The crew will be conducting a science programme, where they aim to characterise some of the environments on the eastern side of the main Auckland Island. Amanda will also be doing some pro-bono work on the proposed Blake Station. Her work follows the previous pro-bono work Beca provided to the station in recent years which included development of options for proposed wastewater treatment and disposal, layout, water supply, power supply, and construction methodology.
Once constructed and manned, the station will fill a gap in the global network of stations monitoring climate change and aims to increase our understanding of the role of Antarctica and the southern ocean in determining our climate and future environment. New Zealand's Sub-Antarctic Islands are a designated World Heritage Site, and the main Auckland Island has been identified as the best area for studying deep sea currents in the southern ocean.
The Sir Peter Blake Trust was launched in 2004 to honour Sir Peter Blake's life as a yachtsman, adventurer, and leader, his love for the environment and his dedication to young people. The Young Blake Expeditions have sought to continue his vision and legacy by challenging and developing the leadership potential of young New Zealanders so that they may become champions for some of our planet's most unique and special places.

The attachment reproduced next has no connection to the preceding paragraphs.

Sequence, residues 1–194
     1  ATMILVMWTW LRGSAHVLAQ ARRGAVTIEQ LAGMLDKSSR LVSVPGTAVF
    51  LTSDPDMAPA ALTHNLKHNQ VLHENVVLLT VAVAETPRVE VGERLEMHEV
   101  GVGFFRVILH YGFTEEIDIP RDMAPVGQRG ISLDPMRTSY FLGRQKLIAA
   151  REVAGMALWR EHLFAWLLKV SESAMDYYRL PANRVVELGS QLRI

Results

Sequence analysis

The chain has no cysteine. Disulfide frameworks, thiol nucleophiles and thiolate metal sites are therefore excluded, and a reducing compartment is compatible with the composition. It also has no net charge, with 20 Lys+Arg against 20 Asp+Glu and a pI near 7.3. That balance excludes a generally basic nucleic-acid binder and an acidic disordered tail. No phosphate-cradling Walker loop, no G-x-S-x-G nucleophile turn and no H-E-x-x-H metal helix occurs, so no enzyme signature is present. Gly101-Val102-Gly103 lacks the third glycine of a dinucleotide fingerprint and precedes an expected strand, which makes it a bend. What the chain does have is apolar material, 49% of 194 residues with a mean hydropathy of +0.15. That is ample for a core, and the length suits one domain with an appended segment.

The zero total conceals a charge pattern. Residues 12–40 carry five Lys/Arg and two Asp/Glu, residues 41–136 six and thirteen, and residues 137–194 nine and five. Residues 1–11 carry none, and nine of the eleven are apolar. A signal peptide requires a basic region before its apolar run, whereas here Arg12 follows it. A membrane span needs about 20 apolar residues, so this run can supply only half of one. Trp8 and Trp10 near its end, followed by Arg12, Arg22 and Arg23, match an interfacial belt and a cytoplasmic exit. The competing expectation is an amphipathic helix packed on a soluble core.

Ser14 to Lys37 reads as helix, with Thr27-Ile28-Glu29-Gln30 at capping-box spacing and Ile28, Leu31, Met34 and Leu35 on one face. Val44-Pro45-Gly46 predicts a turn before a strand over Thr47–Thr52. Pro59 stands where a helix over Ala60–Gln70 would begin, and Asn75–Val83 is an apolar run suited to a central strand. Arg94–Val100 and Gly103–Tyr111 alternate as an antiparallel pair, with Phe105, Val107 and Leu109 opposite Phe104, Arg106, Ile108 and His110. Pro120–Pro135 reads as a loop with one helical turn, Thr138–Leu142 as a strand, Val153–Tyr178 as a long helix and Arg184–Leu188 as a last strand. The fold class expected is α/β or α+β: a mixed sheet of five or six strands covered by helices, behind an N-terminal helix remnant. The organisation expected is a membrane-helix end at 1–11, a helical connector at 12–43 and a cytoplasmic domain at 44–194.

The 2016 Young Blake Expedition will be the programme's third voyage, and the second to the Auckland Islands, in partnership with the Sir Peter Blake Trust, the Royal NZ Navy, The Department of Conservation, NZARI, NIWA, Kelly Tarltons, Beca, Ministry of Education, Ministry for the Environment and Ministry of Youth Development and The MediaWorks Foundation.
The crew will depart from Auckland on 2 February and return to Dunedin on 13 February. Stay connected with The Sir Peter Blake Trust on Twitter and Facebook for updates on the adventure!
Visit the expeditions website to learn more, subscribe to updates, meet the crew, and ask questions.